Impact of Emoticons on Commerce
Emoticons the essential tool for emotion in commerce
Emojis serve a very particular role in business communication and therefore need to be employed for specific situations where a sense of connection between the communicating parties is required to boost the outcome of an organisation. Emoticons, another word for emojis, are a set of symbols that have begun to replace words in messaging services and are being slowly implemented in written business communication methods. Whilst they were once simply child’s play, a newfound purpose has surfaced and their introduction into the commercial world has seen an increase of success, despite their initial unprofessionalism. They can provide the lacking emotional connection in written business communications, which involve that between internal and external parties for purposes such as marketing and leadership, management and knowledge transfer, in electronic forms of verbal messaging. Hence there is definitive time and place for emoticon use in written business communication.
Before the surge of social media, businesses looked down upon technological communication, leading the workforce to develop face to face communication techniques. Now, emojis have risen to provide a similar experience for communicators of technology, to that of a face to face conversation. Face to face communication allows for display of immediate behaviour, which describes the communication behaviour that psychologically brings the receiver of the message closer to the one who is sending the message (Kelley and Autman 2014, p. 49). This improves or furthers the connection between the two communicating parties, elevating the level of understanding between them and therefore better the communication of messages. This induces a range of positive effects for specific circumstances. In a marketing setting, the increasing understanding between two parties such as that of a brand and a customer develops trust and credibility. No matter the type of marketing, there is a need for trust and credibility to be engendered in the customers, by the brand (Lynch and de Chernatony 2004, p. 408).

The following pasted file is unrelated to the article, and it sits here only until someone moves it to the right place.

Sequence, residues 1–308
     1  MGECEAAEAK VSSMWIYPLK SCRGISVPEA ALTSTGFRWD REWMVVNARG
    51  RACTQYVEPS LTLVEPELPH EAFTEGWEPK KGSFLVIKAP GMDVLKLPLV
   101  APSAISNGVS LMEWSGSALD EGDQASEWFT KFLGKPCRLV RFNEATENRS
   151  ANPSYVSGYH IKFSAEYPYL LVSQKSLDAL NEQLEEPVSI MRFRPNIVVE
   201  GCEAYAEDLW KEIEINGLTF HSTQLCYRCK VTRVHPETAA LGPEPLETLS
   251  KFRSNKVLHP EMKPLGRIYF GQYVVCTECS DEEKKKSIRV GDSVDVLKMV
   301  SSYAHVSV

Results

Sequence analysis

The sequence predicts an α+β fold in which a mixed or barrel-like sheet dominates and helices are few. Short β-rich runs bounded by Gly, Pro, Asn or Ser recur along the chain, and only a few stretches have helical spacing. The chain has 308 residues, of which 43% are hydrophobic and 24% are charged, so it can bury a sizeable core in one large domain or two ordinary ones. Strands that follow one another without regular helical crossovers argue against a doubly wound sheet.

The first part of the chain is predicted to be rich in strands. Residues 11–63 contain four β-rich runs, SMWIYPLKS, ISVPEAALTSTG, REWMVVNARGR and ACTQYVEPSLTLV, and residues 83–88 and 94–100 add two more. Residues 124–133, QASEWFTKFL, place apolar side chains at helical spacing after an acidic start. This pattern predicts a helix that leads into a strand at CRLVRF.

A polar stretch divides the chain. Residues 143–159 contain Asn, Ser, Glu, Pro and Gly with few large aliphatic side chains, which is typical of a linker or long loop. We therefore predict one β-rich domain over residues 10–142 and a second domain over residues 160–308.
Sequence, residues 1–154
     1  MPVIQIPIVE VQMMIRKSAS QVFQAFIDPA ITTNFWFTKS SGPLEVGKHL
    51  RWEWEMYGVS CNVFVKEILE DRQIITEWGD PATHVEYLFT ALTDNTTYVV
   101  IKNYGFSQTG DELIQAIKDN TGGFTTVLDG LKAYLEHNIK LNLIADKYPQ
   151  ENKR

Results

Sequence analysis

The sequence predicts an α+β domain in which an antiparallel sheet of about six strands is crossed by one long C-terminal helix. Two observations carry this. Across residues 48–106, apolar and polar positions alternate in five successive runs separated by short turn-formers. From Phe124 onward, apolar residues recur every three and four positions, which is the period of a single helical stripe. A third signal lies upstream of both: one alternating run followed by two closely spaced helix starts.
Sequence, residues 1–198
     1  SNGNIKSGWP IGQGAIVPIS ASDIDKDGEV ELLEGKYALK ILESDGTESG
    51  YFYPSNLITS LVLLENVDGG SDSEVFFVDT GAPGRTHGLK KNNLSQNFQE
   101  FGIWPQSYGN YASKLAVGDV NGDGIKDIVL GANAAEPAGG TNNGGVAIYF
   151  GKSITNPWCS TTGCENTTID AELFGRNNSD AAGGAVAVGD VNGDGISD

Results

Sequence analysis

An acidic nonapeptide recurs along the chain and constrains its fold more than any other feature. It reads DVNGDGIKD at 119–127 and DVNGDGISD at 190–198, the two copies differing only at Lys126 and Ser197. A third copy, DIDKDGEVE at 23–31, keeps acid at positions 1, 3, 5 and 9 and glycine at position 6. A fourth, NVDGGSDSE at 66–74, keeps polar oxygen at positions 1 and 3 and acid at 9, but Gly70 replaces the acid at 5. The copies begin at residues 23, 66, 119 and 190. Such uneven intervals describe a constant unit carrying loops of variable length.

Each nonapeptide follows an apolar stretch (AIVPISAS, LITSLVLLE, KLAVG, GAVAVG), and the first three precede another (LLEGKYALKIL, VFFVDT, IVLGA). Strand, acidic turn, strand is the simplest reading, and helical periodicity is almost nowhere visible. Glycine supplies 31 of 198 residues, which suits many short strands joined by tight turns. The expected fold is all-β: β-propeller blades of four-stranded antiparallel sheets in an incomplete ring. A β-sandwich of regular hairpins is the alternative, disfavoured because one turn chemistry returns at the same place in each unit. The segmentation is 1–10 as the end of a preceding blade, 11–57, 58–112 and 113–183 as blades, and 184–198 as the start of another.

As society moves towards a new era of technological advancement, verbal communication becomes more necessary, as companies are resulting in the ability to expand themselves past any physical restrictions, to increase their customer pools. This has also led to the distancing of communicators because of the gradual loss of immediate behaviours such as observable emotions and gestures, causing communication to appear increasingly vague and easily misunderstood. Hence, it is now absolutely crucial for marketing professionals to search for ways to re-establish the lost emotional connection during verbal communication. The use of emoticons open a new window for marketers to portray their ideas with a slightly more accuracy as to when only verbal communication was used. Emojis have now begun to find their way into the lexicon of the technological society (Walther and D’Addario 2001, p. 327). The significance of non-verbal communication is still being studied today, but the pervading idea that verbal communication does not build as strong of a relationship or understanding between the two sides of a conversation. Many researchers have come to conclusions that emoticons have been adopted to make up for the absent nonverbal social cues (Skovholt, Gronning and Kankaanranta, 2014).
There is an inherent increase in discussion about the relevance of emotion to leadership roles. Walther and D’Addario (2001, p. 324) found that Kiesler, Siegel, and McGuire (1984) observed the “traditional forms of communication, head nods, smiles, eye contact, distance, tone of voice, and other non-verbal behaviour give speakers and listeners information they can use to regulate, modify, and control exchanges.” Managerial roles heavily depend on the ability to communicate with others in their team, and the need for emotional intelligence is extremely significant as without the understanding of non-verbal behaviour can hinder the efficiency of any team and could possibly provoke disagreements or other unnecessary conflict. As most employees’ primary source of social interaction is with their work group, the communication that takes place must allow them to release emotional expression of feelings and fulfil social needs. Kelley and Autman (2014) found in a research that leaders who used social media and emoticons to communicate with their team members were seen as more immediate or engaged with their members, improving their connections and productivity levels with their team members.